The following contains spoilers for True Detective Season 3.
In the end, True Detective Season 3 was a long story that healed itself. When Julie Purcell disappeared, when her brother Will was found dead in Devil’s Den, a wound opened up in the center of a small Arkansas town that proceeded to swallow the lives of Wayne and Amelia Hays, Roland West, Lucy and Tom Purcell, and many others. In particular, Wayne’s work, his marriage, and his memories were so intertwined with the case that the mystery of Julie’s disappearance was all that held his mind together to keep it from unraveling. But all of the lives that were consumed, the tears shed, and the hours spent combing through the evidence eventually lead to something growing out of all that misery. Julie Purcell escaped her captors, learned how to rebuild her life, and found love with the boy down the street, starting her own family.
The culprits in Julie’s disappearance were mostly identified by “The Final Country,” but two figures in the True Detective Season 3 finale, “Now Am Found” clear up the details for good. First, a drunk, disheveled Edward Hoyt all but confirms his involvement by threatening Wayne to forget about Julie’s case. Then in 2015, Wayne and Roland finally track down the mysterious one-eyed man, Junius Watts, who lays all of the facts bare. After a terrible accident takes her daughter and husband and leaves her distraught, Isabel Hoyt sees Julie Purcell and her family at a Hoyt sponsored corporate picnic. Seeing her daughter in Julie, Isabel has her caretaker Junius inquire with Julie’s family about arranging meetings between Isabel and Julie. Lucy Purcell agrees on condition that she receive payment and also that Julie’s brother Will is able to attend the meetings to look after his sister.
Isabel, Junius, Julie and Will meet regularly in the woods, but because of Isabel’s fragile state and her use of lithium, she becomes confused during one of their meetings, accidentally kills Will, and takes Julie with her to live in a secret pink room inside of the Hoyt estate. Harris James, a police officer that helped after Isabel’s accident, frames Brett Woodard with Will’s backpack and Julie’s shirt, and then pays Lucy Purcell for her silence, figuring that Lucy was eventually going to sell her daughter to the Hoyts anyway. To ease with the transition and keep Julie confused about her past, Isabel keeps Julie drugged with lithium and locked away in her room. After growing guilt, Junius helps Julie escape in 1997 and she flees, eventually finding shelter at a covenant where she rebuilds her sense of self before helping others.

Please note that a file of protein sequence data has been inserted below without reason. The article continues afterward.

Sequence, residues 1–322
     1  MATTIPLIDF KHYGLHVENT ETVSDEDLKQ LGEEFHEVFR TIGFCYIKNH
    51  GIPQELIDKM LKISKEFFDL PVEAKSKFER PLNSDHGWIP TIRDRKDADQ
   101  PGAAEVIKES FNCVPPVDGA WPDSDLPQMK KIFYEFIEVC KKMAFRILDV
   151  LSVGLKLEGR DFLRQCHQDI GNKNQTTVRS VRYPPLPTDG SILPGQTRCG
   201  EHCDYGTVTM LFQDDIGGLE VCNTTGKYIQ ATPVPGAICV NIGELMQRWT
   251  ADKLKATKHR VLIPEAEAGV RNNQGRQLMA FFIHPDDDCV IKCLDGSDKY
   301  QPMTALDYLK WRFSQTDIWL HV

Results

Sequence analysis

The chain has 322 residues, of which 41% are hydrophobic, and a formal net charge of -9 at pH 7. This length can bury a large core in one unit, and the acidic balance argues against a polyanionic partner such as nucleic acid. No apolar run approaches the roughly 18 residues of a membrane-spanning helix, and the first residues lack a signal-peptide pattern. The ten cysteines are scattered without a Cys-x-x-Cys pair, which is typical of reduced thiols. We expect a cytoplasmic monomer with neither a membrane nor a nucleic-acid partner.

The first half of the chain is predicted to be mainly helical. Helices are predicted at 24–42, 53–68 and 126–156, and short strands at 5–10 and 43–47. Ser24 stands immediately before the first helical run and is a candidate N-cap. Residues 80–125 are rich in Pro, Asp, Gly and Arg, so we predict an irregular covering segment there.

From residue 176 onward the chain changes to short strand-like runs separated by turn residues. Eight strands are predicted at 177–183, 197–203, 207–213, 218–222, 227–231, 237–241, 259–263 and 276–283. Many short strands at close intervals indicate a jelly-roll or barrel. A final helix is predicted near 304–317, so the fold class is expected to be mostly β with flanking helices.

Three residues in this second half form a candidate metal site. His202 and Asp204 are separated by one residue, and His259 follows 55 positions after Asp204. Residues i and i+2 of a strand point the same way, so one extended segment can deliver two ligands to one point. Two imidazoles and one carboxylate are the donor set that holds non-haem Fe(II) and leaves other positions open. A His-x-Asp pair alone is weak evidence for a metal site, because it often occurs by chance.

The last piece of Julie’s story is put together by Wayne after he reads a passage from Amelia’s book. Even though Julie’s family had been wiped out by the Hoyts and Harris James, a part of her past returned. Mike Ardoin, a former neighbor who harbored a crush on Julie, notices her while doing landscaping work at the covenant. This reunion was hinted at back in the 1980 timeline when Mike gives the detectives the information about the adults dressed as ghosts that he witnessed on Halloween and again when the landscaping truck was seen in episode six, “Hunters in the Dark.” When we see Mike with his daughter, Lucy, we know that the pair got married, had a daughter together, and named her after Julie’s real mother. Finally, knowing that people looking to harm Julie may come looking for her, the nuns fake her death, claiming that she passed away from an HIV infection.
Wayne gets a happy ending as well. By the season end, he’s solved the Purcell case, reunited with his long-lost partner and his daughter and has seemingly made peace with his son. Roland will be spending part of his time living with Wayne and keeping a watchful eye on him. The episode ends with a flashback to 1980, with Amelia and Wayne resolving their argument, with Wayne stating “I think I want to marry you.” We then flashback even further into Wayne’s past, witnessing him as a tracker in Vietnam, searching for something. Wayne was always searching for something it seemed, he just never realized that he had found it in Amelia, a woman who challenged him and forced him to not be his withholding self.
So in the end can it be said that True Detective Season 3 was a love story? Not just one about Wayne and Amelia Hays, but also Julie Purcell and Mike Ardoin? And even Roland West and Wayne Hays? A lot of ugliness surrounded their tales, especially Julie, but in the end, she’s allowed to lead a peaceful life, without Wayne drudging up the past. It’s a small comfort in a dark story, but it’s a comfort nonetheless. It’s a story that healed itself.
Nick Harley is a tortured Cleveland sports fan, thinks Douglas Sirk would have made a killer Batman movie, Spider-Man should be a big-budget HBO series, and Wes Anderson and Paul Thomas Anderson should direct a script written by one another. For more thoughts like these, read Nick’s work here at Den of Geek or follow him on Twitter.